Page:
Making the climate case for local growth

Achieving net zero and levelling up the UK economy are not two separate problems – they’re two sides to the same coin. Carl Ennis, CEO of Siemens Great Britain & Ireland, argues that being clear on how we achieve both across our towns and cities is critical in maintaining the UK’s status as a leading global economy.

This article features in issue two of Connected Places magazine.

It is hard to argue against the need to reach net zero. It’s estimated that delaying action even by one decade doubles the cost of getting there – assuming we aim to reach net zero by 2050. And, if protecting the planet and future generations isn’t enough of a reason to do it, the potential for net zero to level up towns and cities across the country should provide further impetus.

Decarbonisation is a challenge that affects transport networks, the energy grid, our use of data, how we manufacture products, and how we build buildings. These are all things that have huge impacts on communities up and down the country. If we are to achieve net zero, we need to level up and vice versa.

Levelling up is often considered to be a north versus south issue, but there are pockets of need across the entire country. As well as providing direct support to these communities, levelling up should also consider ways that we can ensure the jobs and opportunities of the future can be accessed in these areas – not just major city centres.

One challenge is that the topic of levelling up often gets attention when it’s connected with major regenerative investment projects. Net zero is the same.

“We need to see constant improvement and ongoing transformation of the parts of the country that have huge potential. And this is where net zero and levelling up meet.”

Headline-grabbing investments that the UK has made over the last decade in major renewables projects have put the UK in a leading position on reducing our reliance on fossil fuels. But, concentrated, large-scale generation accounts for only around a third of UK emissions. Major investment in generation, while news-worthy, is not enough to reach net zero.

I’d argue the same is true for levelling up. Yes, major investment and large-scale regeneration projects will help areas that need it. But there is more to it than that. We need to see constant improvement and ongoing transformation of the parts of the country that have huge potential.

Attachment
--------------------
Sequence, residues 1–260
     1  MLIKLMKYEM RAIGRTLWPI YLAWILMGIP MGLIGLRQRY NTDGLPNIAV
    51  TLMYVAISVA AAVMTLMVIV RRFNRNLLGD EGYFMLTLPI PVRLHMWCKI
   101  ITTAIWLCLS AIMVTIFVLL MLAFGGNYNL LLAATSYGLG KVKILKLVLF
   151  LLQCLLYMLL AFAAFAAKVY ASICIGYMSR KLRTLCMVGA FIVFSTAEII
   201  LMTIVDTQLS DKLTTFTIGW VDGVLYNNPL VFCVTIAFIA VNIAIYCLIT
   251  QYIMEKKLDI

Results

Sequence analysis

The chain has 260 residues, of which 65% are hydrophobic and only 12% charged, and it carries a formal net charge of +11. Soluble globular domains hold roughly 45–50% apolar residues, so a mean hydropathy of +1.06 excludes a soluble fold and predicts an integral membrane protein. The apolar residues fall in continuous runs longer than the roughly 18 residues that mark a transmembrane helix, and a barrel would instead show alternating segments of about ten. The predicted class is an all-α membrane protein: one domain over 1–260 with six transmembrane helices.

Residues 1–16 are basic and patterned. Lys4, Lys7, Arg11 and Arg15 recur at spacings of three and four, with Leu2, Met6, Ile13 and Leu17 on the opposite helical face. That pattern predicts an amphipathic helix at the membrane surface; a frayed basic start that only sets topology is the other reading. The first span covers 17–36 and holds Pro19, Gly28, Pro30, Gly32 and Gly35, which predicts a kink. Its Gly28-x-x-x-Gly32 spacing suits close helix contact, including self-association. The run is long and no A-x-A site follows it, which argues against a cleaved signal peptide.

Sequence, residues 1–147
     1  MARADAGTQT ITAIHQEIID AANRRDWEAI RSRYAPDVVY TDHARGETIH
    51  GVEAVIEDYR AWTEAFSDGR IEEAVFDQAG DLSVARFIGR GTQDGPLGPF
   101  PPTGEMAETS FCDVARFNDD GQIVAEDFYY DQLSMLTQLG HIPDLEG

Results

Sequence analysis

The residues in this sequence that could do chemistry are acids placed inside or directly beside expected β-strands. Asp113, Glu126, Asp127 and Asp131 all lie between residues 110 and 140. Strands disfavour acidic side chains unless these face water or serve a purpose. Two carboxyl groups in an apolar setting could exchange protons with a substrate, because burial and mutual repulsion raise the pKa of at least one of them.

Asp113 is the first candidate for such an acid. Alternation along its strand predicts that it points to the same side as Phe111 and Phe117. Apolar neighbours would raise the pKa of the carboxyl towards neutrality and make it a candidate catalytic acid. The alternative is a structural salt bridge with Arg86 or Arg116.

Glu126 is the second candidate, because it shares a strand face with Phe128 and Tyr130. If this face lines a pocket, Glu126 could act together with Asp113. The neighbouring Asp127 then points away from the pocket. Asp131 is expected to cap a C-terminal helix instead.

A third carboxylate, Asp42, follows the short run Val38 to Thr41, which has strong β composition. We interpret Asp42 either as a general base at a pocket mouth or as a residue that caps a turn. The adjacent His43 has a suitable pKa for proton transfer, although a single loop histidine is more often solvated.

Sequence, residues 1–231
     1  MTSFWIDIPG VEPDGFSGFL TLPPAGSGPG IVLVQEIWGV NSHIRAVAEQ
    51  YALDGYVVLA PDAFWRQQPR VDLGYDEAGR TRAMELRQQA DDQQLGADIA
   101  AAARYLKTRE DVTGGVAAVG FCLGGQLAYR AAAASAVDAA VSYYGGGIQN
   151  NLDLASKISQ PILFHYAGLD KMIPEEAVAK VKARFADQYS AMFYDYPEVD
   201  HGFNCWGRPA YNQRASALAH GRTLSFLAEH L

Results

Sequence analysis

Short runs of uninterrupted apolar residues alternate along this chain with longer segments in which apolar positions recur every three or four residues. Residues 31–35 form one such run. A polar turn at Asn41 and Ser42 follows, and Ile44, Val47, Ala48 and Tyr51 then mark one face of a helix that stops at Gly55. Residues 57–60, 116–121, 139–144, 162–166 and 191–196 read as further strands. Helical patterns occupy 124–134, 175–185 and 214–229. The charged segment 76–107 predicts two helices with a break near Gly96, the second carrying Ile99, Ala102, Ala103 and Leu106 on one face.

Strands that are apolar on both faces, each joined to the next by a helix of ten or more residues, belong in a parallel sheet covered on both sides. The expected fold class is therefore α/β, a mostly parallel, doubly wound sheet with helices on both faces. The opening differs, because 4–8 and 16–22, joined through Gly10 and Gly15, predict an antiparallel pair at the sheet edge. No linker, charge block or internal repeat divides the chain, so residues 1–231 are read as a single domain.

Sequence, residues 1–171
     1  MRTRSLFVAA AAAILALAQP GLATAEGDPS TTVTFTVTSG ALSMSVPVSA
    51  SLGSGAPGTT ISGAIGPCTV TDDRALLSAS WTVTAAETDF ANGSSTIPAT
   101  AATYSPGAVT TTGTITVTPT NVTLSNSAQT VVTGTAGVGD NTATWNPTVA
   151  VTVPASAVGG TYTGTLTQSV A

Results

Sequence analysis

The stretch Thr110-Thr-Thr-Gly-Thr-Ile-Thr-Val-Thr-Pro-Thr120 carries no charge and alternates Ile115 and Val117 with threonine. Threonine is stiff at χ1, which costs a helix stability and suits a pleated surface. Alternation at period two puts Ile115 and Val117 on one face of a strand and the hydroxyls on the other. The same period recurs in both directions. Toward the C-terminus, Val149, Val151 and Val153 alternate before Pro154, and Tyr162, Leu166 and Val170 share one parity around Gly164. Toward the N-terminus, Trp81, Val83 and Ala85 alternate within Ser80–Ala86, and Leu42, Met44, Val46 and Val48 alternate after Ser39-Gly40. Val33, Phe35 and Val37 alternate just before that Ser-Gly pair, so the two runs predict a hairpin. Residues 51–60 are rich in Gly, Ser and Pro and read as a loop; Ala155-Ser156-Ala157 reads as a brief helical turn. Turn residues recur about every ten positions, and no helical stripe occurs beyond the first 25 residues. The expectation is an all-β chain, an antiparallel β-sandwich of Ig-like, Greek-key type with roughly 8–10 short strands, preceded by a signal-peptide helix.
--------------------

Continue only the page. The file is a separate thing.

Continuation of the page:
And this is where the two – net zero and levelling up – meet for me.

One great example of this is in public infrastructure for electric vehicle charging points. One could argue that creating this robust public charging network should be seen as at least as important in achieving net zero as investments in renewables generation. It’s a national imperative that creates skilled jobs in engineering and ongoing maintenance that could provide opportunities for entrepreneurship, jobs and economic growth in towns and cities. Given the already apparent skills gap in green industries and the huge demand for talent, the areas of the country that can foster skills growth in sustainable STEM-related fields could accelerate their local economies too.

While job growth provides a pull, the risks of not making good on public charging provides a push too. Electric charging needs to be as accessible as putting petrol in your car. If we focus only on creating a charging network in major cities and ignore poorer communities, we again create transport issues that could hinder other initiatives that offer a chance to levelling up too.

But electric charging infrastructure is only one example. When you consider other forms of transport, our entire energy grid and how hospitals, universities, schools, offices and homes decarbonise there’s a lot of opportunity for high-skilled, high-value, local jobs.

Of course, creating a net-zero, levelled-up economy is by no means easy – and it’s not going to be cheap! But if we make sure the commercial solutions are just and fair, i.e., those with the broadest shoulders carrying their fair load, it might just be that the scale of the challenge is what is needed to provide potential for major economic growth.

Who could disagree with that?

This article features in issue two of Connected Places magazine.